End of the road for Byram

| 28 Sep 2011 | 02:51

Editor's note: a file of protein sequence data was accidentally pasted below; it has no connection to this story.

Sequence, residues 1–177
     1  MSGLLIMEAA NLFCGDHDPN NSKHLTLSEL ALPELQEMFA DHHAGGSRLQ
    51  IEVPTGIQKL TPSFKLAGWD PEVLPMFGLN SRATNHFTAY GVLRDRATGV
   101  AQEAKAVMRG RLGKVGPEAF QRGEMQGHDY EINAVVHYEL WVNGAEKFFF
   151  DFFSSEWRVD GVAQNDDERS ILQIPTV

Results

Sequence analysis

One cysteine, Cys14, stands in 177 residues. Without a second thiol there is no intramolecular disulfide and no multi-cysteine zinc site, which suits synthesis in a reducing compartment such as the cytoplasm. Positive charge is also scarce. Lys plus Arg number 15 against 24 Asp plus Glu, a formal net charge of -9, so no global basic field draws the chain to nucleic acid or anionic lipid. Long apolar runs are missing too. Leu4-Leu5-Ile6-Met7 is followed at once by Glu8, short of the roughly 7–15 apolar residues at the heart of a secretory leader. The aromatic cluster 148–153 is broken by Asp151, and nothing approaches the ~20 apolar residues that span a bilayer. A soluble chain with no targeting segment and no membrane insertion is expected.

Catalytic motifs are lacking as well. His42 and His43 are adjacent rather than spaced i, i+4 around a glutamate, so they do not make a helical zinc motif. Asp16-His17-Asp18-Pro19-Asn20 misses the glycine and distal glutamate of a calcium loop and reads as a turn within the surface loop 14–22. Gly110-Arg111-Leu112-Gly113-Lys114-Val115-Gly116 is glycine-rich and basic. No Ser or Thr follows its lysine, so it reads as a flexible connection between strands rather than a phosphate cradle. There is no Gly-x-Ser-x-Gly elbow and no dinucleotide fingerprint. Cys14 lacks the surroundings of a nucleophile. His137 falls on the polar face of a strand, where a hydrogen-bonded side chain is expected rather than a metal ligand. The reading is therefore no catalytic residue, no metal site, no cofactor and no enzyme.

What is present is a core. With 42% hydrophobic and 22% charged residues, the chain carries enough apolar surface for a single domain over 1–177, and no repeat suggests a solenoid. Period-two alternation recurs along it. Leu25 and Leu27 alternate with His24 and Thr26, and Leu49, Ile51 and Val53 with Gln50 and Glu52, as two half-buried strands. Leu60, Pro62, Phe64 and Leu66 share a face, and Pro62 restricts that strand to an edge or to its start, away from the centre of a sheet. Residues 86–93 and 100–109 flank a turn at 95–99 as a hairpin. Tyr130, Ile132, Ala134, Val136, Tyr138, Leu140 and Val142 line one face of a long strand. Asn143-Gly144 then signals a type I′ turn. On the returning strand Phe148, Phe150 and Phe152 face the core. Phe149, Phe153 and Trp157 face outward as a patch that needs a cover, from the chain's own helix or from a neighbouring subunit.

BYRAM-Byram officials may have reached the end of the road in their attempts to delay the state's plan to widen Route 206 by up to five lanes through the center of the township. Earlier this week, the Department of Transportation rejected the township council's request for a six-month moratorium on the planning and design of the $26.5 million project. DOT is expected to break ground in Byram late next year, but the council wants local and state officials to take more time to address township planning goals for the congested, 1.2-mile stretch of roadway. In what may have been a last-ditch attempt to put the brakes on the DOT project, Byram officials turned to state Sen. Robert Littell (R-24), a longtime proponent of the Route 206 project, for support. However, Littell disagreed with the municipality's request to slow the pace of the project. He said recent development and population growth in Sussex County has only exacerbated the previously existing conditions, and that further delays to proceed with the project, which was first surfaced more than 10 years ago, would risk earmarked funding for the work. "The Route 206 improvement project has been a work in progress for a very long period of time and many changes have been made to accommodate the suggestions offered by both residents and past and previous local officials," said the senator. "At this time, I am not certain that any further delay will produce a significant result." DOT Commissioner Jack Lettiere intends to advance the project along expeditiously to avoid additional costs in both design and construction. "Phasing the construction or implementing a six-month moratorium in the design of this project will increase design, right of way, and construction costs," he said. "I am convinced that doing so will not yield additional solutions that haven't already been analyzed." Byram officials believe the moratorium is critical to the success of the project and were hoping that DOT would reassess its plans to consider new transportation planning systems, the township's inclusion in the Highland preservation area, and the state's emphasis on "smart growth." Lettiere said new methodologies used on similar projects in Trenton and Flemington were not practical solutions in Byram because of local, environmental and geographical constraints. "There are occasions where Smart Growth initiatives alone cannot solve congestion problems and traditional methods must be utilized," said Lettiere. "Route 206 is truly a gateway to Sussex County. Therefore, Byram Township, Sussex County, and NJDOT must assume responsibilities for local, regional, and statewide transportation needs in the area." The Byram council supports a phased approach to the realignment of intersections, coordination of traffic lights and various pedestrian-friendly improvements to the area from Alcorn Street to the vicinity of Waterloo Village near the Byram Plaza off Lackawanna Road. Lettiere said DOT has compromised to address Byram's concerns by including a center turn lane to provide ready access to local businesses, a pedestrian tunnel for future rail connections, and the placement of design features to coincide with the proposed village center. "The collaboration between all of the parties involved has produced a project that minimizes impacts to the environment and to Byram Township residents and businesses," said Lettiere. "With the exception of the necessary intersection improvements and the construction of water quality basins, most of the proposed improvements are located within NJDOT's existing right of way." Byram Mayor Eskil "Skip" Danielson has said the township hasn't seen enough of a "Context-Sensitive Design" to sign-off on the project. Danielson was referring to a state-backed process that encourages collaboration with stakeholders so that the project reflects the goals of the people who live, work, and travel in the area. DOT held its last public hearing in May, the fourth meeting in the past two years, to outline its plans for Route 206 improvements. But Danielson said he realizes the township may have little choice, but to accept DOT plans. If it doesn't, he said Byram could risk losing millions of dollars in state aid altogether. DOT plans to move ahead with billions of dollars in highway and mass transit projects even though it does not have enough money to complete them. State transportation officials are counting on covering part of the tab with money from the budget that starts in July 2006. Byram officials have said that the state has hinted that rejection of the DOT proposal could even jeopardize funding for future road projects in the township. Councilman James Esposito Jr. has said DOT plans are at least two decades old and do not consider recent developments to the area including the proposed Route 605 extension that would connect Route 206 and Sparta-Stanhope Road as well as the Highlands legislation. "The project's location in the Highlands region is of particular concern to working on the project," said Lettiere. "Be assured that NJDOT will comply with the Highlands Commission's regulatory requirements, and that every effort to minimize potential impacts and improve the region's water quality is being made on this project." Byram received an $80,000 smart growth grant from the Office of State Planning to revitalize its downtown, which led to modified zoning ordinances, reserved sewage gallonage, state designation for its village center, and plans for mandated affordable housing units that will focus development toward the stretch of roadway on Route 206. Some township officials cite a 2004 transportation study that concludes that adding more traffic lanes to Route 206 is at best a temporary solution to the increased traffic flow of the section of highway. The plan goes on to accept the Sussex County report that "bigger roads typically attract more development, more traffic, and more congestion." "This project will provide a safer highway with reduced congestion, and alleviate the problems associated with it such as motorist delays, additional air pollution and aggressive driving behaviors," said Lettiere. North Byram Concerned Citizens, a community group that opposes the planned widening, believes DOT's proposal would make Byram a drive-through town and not a place very accommodating to visitors.